Tuesday, May 26, 2015

A Cure For The Runoff Blues

                  A Cure For The Runoff Blues

  It’s May 26th, and we are officially into the Spring 2015 Runoff. What was looking to be a below-average flow year only six weeks ago has changed dramatically since then.  In mid-April the rain and snow began to fall, and has been falling almost every day since then.  Last week I went up to A-Basin, and since that time it’s only kept on snowing up there.  Their original closing day of June 7th may be getting pushed back, since their base has been growing this spring when it should be melting off.  This is of course a very good thing, because what’s good for Summit County is good for the Blue River, and what’s good for the Blue is good for the Colorado River.  Last time I checked, there was 1500 cfs coming out of the Dillon Reservoir, and eleven hundred coming out of Green Mountain.  By the time this is over, all of the Colorado River reservoirs (and those on Front Range) should be brimming full.

  The exception is Wolford Mountain Reservoir, whose impoundment has shifted more than its original designers foresaw.  Since it was finished in 1995, its moved two feet downward, and eight inches out.  The Colorado River District is keeping a very close eye on it, and has installed sensors on it to monitor movement, so at least if my world disappears under a furious wall of water someday we’ll get enough notice to get to safety.  (Unless I’m already on the river fishing, and twenty blissful miles away from a cell phone signal, that will be some memorable whitewater!) If the dam ever had a catastrophic failure, it would easily be the biggest natural disaster to ever strike Colorado. One estimate I saw guessed that if it ever went all at once, there would be 600K cfs roaring down Muddy Creek into the Colorado just above Gore Canyon.  At 12K, the river runs alongside my house and sump pumps run continually to keep it out. I’ve tried to visualize what 600K would look like, and even my fertile imagination is left wanting.  Such a flood would take out everything along the Colorado River Road, and I-70 from Dotsero to…Utah?  Forget the Union Pacific rail line, and a big chunk of Glenwood Springs, and anything near the river down to Grand Junction.  Sounds like a great premise for a Michael Bay movie.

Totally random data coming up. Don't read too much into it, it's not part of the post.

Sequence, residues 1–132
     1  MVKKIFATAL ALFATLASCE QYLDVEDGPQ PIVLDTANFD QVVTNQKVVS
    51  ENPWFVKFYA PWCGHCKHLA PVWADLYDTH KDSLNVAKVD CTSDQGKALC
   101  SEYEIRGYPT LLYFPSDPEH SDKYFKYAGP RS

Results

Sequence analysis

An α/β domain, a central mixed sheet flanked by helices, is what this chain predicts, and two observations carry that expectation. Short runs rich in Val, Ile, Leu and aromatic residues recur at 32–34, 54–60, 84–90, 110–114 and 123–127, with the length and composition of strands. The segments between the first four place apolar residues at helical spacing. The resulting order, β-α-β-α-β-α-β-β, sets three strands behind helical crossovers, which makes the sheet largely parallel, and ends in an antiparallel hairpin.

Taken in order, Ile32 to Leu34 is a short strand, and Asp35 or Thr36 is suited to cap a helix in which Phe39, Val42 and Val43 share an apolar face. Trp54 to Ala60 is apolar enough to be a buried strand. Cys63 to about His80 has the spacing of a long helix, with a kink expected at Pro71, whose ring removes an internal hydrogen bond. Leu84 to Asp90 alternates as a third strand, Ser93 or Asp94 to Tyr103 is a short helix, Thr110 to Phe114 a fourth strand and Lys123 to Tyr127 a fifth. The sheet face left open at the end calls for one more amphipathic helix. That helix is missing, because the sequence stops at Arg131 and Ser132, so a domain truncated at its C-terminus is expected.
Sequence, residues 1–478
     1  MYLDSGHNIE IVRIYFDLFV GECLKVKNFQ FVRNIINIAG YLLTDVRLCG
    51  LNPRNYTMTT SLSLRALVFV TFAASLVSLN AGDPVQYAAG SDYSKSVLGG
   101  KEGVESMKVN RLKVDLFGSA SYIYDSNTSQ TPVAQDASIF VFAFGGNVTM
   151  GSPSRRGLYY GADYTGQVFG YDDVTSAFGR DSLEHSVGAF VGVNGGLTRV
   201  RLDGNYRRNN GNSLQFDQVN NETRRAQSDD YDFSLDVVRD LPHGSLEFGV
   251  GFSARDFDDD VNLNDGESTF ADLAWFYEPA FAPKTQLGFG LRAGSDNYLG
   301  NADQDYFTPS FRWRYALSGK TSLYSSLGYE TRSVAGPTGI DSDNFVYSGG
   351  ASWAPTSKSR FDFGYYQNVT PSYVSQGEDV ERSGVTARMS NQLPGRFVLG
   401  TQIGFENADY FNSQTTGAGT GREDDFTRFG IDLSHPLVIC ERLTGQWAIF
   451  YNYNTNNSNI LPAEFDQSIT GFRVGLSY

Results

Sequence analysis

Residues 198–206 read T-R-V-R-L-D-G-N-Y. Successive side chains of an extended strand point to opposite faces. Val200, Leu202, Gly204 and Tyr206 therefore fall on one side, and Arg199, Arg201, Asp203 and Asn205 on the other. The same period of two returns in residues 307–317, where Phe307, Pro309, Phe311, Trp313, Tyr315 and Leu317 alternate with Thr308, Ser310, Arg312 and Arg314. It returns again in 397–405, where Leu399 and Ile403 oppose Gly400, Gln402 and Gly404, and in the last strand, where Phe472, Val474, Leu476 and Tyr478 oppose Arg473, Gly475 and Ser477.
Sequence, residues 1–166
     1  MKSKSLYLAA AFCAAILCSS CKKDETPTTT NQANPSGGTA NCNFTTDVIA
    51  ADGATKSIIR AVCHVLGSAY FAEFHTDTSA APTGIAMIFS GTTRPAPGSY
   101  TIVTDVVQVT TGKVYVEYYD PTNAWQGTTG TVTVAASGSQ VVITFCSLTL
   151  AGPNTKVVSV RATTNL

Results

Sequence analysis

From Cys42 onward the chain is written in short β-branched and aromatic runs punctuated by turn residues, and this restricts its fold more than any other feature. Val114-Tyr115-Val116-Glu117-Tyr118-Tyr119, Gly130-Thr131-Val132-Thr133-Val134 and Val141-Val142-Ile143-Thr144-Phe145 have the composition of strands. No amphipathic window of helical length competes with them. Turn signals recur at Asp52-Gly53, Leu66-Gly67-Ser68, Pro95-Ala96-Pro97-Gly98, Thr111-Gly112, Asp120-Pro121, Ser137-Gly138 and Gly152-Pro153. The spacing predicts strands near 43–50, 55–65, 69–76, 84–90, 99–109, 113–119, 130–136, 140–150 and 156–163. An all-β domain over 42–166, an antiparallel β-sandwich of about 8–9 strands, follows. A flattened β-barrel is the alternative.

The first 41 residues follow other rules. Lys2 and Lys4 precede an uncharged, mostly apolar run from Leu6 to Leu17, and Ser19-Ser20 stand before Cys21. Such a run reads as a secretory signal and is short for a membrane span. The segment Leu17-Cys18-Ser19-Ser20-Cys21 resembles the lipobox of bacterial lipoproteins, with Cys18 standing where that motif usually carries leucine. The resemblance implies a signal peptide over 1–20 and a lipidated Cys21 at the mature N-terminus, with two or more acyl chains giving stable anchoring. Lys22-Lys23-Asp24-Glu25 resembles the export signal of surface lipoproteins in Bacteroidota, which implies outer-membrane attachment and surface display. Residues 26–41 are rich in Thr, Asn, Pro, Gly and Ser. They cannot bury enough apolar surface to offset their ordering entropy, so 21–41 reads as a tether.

But back to happier thoughts.  All this rain we’re getting should be good for the fish for later this summer.  It has ended what was some pretty decent spring fishing, but I’ll take the short-term hit in exchange for happy trout in August. However, instead of letting everyone know what they can’t do for the next few weeks, I thought I’d mention somewhere that you can go.  My friend and partner Ryan Herbert of Yampa River Anglers tells me the fishing up in the headwaters of the Yampa has been on fire.